Packing up your life and moving to a new country or city away from your home comforts and friends can be tough, no matter at what age.
Having known this feel all too well themselves, Anne-Marie Mackin and Esina Juknaite decided to create a community for women from all over the world who live in Belfast to connect.
Anne-Marie, who is originally from Armagh, returned to Northern Ireland after 17 years after moving away to Leeds to study.
Speaking to Belfast Live, she said: “ I ended up in Berlin and that was the first time I had moved abroad when I didn’t actually know anyone and I was worried about meeting people and making friends.”
She came across Girl Gone International which was a group that spanned over 200 cities across the world and is a space for women who have moved to new places, like to travel or just want to find like-minded people to connect with under similar situations.
“I think I had been in Berlin about three months when I went to one of their brunches and it was actually really friendly and really informal – one of the benefits is that everyone is in your situation that you are new to a city I want to connect with other people.
“The idea of GGI is that they don’t just meet online and want to connect people in real life,” Anne Marie explained.
Anne-Marie and Esina enjoying bottomless brunch with other members
(Image: Belfast GGI/ Submitted)
When she came back to Northern Ireland she found she missed the international connections and felt like an ex-pat moving to Belfast for the first time.
Esina, originally from Lithuania, also found herself moving to Belfast and in the search for new people to get to know and show her the ropes.
She said: “I ended up in Northern Ireland 16 years ago now which is only for a summer to improve my English but I fell in love with the culture, friends, people and the way everyone carries on.
“I moved to Belfast two and a half years ago myself after living in Newry for a long time and again, I’d made a lot of friends there but when I came to Belfast I felt there wasn’t a good way to connect with people.”
Anne-Marie decided to start a Belfast Girl Gone group as she saw a gap in the market for women trying to navigate adult friendships after moving to Northern Ireland.
“I thought I could give something back because the group helped me so much in Berlin so I thought maybe I could do the same for people here,” she added.
Within six weeks, the Belfast group had over 500 members and Esina reached out to Anne-Marie to also get involved.
Esina said: “When I saw the GGI group pop up, I thought brilliant I could do this as I was also missing something in my life to get involved in.
“If you go to these events it almost feels like you already know them because you know at least the mindset is the same.”
With now over 750 members, the group promotes positive female relationships by hosting events, online hangouts and encouraging engagement which will benefit all members regardless of background.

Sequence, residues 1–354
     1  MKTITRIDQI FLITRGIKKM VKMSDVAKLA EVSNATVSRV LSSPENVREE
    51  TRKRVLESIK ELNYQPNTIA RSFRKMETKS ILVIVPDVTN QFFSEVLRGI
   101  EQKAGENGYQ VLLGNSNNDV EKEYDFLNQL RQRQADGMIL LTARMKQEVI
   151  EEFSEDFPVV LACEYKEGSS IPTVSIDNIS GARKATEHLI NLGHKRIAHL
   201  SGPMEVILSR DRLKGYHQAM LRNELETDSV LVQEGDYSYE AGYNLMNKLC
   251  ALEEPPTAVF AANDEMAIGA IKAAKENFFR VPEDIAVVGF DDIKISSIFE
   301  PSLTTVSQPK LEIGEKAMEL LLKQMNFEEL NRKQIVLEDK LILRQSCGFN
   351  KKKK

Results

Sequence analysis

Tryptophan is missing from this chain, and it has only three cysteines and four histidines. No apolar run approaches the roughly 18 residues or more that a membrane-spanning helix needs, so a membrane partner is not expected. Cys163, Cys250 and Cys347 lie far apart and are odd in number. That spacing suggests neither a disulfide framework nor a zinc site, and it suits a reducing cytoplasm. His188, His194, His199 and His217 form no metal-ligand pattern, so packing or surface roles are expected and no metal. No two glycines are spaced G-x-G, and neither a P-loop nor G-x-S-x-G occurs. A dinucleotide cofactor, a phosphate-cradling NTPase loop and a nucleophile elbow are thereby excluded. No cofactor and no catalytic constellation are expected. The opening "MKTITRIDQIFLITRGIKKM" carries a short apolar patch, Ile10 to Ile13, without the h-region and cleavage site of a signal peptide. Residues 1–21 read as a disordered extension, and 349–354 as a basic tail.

Esina continued: “It’s also such a great platform to ask for advice – I’ve been here 16 years and no one knows everything so it’s nice to have that save space to post questions.
“Especially with the lockdown I started a new job and ended up working from home so I’ve met friends that I will definitely keep for life from all over the world.”
The group has members from as far as Jamaica and as close as Fermanagh and does not limit itself to people who have only just moved to Belfast.
“You don’t have to be international to join the group. There are people like me who are from here and might have some friends from younger years but want to connect further,” Anne-Marie explained.
“It’s really lovely that people from the likes of Belfast just want to meet new people too, regardless of wherever they are from.
“It’s a really nice community and people can learn from each other and about different cultures as well as from the locals.”
While their online groups were a great way for Anne-Marie and Asina to connect people during the uncertainty of the pandemic and combat the added isolation of lockdowns, their monthly meetups have been proving to be a major success since the group started a year ago.
“We had to follow the rules so that was challenging as a new group so we opted for outdoor meetings. We did a walk around Stormont which we call ‘walk and talks’ so you can meet while keeping your distance,” Esina said.
‘Walk and Talks’ at Stormont Estate
(Image: Belfast GGI/ Submitted)
“Not everyone likes online events but we wanted to present that opportunity for people who felt alone.
“With restrictions, we thought of any idea we could to bring the girls together and have some structure to events.”
Anne-Marie added: “What Esina and I have found is that it’s not really the events as such but the chance to meet other people so they don’t really care what it is they are doing.
“Our events are really informal and relaxed and one thing I was worried about was we would have to do a lot of work encouraging people to chat but I never find that at all.”
The pair have described the response to the group as “rewarding” and are excited to continue to grow Belfast GGI and welcome in new members looking for a safe place to be themselves.
Anne-Marie continued: “We hope to get more volunteer hosts for events on board.
“We’ve got a very wide are group trim people in their early 20s up to people in their 60s.
“We want to have more of a diverse range and greater number of events that roles can go to – some more suitable for older age ranges, some for younger ages and different interests.”
“GGI was created over ten years ago and the fact it has grown worldwide and people still don’t know about it is surprising,” Esina added.
“We want to ensure we can give back as much as we can.”